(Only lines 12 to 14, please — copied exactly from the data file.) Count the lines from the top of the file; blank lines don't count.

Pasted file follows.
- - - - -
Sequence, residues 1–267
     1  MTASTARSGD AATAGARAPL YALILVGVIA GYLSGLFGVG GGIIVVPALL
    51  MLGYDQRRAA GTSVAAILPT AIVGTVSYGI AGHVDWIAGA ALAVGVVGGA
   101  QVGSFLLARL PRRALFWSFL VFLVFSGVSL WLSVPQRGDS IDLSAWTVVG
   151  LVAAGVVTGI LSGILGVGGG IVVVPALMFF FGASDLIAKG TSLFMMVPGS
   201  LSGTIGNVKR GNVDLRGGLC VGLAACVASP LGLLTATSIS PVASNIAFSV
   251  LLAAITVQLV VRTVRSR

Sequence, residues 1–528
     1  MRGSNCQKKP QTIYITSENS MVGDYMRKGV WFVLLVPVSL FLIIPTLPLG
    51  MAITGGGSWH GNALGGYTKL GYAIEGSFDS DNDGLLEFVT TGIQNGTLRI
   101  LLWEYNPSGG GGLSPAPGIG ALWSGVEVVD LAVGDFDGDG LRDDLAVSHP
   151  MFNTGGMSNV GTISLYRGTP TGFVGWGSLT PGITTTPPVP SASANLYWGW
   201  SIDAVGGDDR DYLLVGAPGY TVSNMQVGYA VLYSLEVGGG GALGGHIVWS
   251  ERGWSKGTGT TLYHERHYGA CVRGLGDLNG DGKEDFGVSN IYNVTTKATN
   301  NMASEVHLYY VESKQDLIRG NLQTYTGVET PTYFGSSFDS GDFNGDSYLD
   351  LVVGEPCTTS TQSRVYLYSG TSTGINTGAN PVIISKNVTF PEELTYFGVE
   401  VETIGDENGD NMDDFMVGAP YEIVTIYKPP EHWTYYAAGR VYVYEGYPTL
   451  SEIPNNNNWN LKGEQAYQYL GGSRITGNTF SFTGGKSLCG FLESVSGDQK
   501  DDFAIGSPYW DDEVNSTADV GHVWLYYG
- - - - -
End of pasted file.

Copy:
   151  MFNTGGMSNV GTISLYRGTP TGFVGWGSLT PGITTTPPVP SASANLYWGW
   201  SIDAVGGDDR DYLLVGAPGY TVSNMQVGYA VLYSLEVGGG GALGGHIVWS
   251  ERGWSKGTGT TLYHERHYGA CVRGLGDLNG DGKEDFGVSN IYNVTTKATN